It had low points. A promising 5-1-1 start in 1989 skidded into the wall when star quarterback Todd Ellis was injured. The Gamecocks lost four straight to end the 1991 season and lost the last three games of the 1993 season.
And it had one of the lowest and highest moments in program history. Angry and frustrated after an 0-5 start in 1992, his players voted for Woods to resign. He responded by saying he would see them at practice.
Every player showed up, the Gamecocks turned to a cocky freshman quarterback and the legend of Steve Taneyhill was born. The resurgent team ran off five wins in six games and gave the USC-Clemson rivalry its most powerful image — the defiant Taneyhill, arms raised to the heavens, staring down the Death Valley crowd as the rain poured and the Gamecocks claimed a 24-13 victory.
That season, where a splintered team healed to play some of the best football USC has ever seen, summed up Woods’ tenure. There were great moments but they always had rough edges.
“It was such a smooth ride after we beat Mississippi State the rest of that season,” Taneyhill recalled. “Coach Woods was excited, we were all excited. We finished so strong that all the vibes throughout the program were positive.”
An injury-marred 1993 season ended 4-7 but Woods saw a great future. Yet he wouldn’t benefit from USC’s institutional stability after three presidents and three athletic directors since 1988.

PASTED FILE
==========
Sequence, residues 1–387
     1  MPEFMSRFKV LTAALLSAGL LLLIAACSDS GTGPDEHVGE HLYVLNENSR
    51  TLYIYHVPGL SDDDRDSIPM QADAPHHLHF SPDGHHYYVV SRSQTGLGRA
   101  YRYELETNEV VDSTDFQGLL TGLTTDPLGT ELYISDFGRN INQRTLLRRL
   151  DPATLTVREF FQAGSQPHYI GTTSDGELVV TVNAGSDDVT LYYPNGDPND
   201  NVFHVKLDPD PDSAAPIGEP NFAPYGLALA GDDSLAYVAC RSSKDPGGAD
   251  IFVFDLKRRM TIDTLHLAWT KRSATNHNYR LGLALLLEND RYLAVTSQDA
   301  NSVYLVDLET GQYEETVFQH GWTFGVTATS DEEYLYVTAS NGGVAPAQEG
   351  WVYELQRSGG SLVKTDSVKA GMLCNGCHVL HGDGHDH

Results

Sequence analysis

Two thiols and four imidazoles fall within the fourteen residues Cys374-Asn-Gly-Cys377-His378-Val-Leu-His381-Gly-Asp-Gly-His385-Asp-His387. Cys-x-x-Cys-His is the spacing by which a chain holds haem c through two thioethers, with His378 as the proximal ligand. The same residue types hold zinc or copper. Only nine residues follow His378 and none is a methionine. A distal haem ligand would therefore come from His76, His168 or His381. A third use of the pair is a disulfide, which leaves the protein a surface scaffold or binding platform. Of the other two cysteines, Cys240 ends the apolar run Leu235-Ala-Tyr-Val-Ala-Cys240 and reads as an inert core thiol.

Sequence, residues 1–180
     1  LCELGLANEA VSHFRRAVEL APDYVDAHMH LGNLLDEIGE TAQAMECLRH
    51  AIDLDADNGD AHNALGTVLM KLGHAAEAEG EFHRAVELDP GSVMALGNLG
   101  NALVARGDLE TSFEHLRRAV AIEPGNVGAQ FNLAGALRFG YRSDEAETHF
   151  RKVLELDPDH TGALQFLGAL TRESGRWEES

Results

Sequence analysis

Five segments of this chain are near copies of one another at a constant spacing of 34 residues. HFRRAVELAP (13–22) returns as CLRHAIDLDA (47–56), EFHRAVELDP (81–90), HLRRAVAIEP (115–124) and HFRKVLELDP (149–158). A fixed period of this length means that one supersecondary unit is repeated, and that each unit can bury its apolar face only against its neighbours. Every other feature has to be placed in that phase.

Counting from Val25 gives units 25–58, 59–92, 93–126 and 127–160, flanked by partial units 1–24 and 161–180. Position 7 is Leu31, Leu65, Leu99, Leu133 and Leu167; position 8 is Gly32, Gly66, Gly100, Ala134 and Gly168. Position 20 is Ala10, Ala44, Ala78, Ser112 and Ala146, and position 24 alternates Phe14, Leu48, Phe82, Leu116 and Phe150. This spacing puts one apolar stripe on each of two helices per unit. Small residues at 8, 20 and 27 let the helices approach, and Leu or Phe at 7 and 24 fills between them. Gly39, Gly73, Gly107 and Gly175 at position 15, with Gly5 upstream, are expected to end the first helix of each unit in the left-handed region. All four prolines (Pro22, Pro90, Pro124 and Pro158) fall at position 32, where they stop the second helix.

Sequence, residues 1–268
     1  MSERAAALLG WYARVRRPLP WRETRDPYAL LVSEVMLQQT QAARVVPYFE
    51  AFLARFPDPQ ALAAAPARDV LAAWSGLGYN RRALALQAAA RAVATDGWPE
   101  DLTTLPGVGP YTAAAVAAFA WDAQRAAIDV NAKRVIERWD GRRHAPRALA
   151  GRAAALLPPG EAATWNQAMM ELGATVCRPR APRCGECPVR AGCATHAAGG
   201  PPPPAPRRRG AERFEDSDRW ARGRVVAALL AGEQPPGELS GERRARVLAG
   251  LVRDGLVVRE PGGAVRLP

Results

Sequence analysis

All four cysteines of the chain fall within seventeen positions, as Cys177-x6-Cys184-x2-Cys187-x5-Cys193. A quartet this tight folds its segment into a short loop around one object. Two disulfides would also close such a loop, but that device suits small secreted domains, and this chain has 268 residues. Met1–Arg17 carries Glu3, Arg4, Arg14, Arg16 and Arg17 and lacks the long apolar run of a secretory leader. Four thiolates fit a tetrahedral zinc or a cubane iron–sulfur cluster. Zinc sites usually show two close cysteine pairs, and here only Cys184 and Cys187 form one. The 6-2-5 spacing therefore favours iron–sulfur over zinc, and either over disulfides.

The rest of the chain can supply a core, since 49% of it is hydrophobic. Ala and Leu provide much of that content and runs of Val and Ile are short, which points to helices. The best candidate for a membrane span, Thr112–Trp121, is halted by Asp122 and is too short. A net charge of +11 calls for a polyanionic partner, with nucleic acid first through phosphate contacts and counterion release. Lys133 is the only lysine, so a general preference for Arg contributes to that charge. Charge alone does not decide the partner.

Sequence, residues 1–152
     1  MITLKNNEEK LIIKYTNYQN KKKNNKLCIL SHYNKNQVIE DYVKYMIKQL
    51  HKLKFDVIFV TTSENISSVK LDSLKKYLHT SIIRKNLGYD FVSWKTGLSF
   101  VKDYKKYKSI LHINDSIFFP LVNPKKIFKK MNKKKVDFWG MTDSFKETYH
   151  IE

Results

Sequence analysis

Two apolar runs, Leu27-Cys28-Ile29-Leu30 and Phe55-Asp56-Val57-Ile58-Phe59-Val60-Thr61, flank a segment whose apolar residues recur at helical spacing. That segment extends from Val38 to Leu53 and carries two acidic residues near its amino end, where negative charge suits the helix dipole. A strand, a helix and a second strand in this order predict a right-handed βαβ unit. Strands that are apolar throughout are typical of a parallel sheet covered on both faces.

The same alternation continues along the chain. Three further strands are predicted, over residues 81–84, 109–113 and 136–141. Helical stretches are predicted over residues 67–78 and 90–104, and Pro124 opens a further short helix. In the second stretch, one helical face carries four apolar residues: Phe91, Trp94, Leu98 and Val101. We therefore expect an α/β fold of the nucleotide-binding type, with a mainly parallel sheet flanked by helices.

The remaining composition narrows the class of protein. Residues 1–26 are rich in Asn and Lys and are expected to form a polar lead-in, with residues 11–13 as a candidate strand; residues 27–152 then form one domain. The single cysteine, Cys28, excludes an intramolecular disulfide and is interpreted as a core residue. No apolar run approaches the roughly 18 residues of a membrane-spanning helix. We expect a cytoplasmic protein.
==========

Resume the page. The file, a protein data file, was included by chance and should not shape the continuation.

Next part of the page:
“The changeover to the new president and athletic director, I didn’t think they had been through the growing pains we did and it was hard for them to understand,” Woods said. “Their call was to make decisions. There are no hard feelings, or anything like that, but three or four years after I left, the number of pro football players we had indicated we had done a lot right.”
Woods was fired in 1993 and resumed the nomadic life of a coach, first helping Pete Carroll with the New York Jets and then assisting at Memphis, Virginia, Mississippi State and Alabama (Woods was a combined 2-4 against USC at his SEC stops).
Brad Scott led a team that Woods built to the Gamecocks’ most successful season under a first-year coach in 1994. USC won seven games and the program’s first bowl game.
Should that have been Woods? Did Sparky deserve better?
“That 1993 season was frustrating. We were either winning or tied in eight games going into the fourth quarter, and we only won four,” Taneyhill said. “I think that was a new AD wanting a new coach. But if you look, we did have three losing seasons in a row.”
“When Todd got hurt, that was going to be a good year,” Fuller said. “Win nine or 10 that first year, that changes everything. He kind of lost the team, obviously, so they had to get rid of him. In that sense, it was fair. But the situation was so bad.”
It was a long time ago. Woods is noncommittal.
“I thought coach Scott did a nice job,” he said. “There was more enthusiasm and something new. I think sometimes as coaches, we get too much credit and too much blame.”
Woods got blamed for not winning enough. But give him credit for the rescue.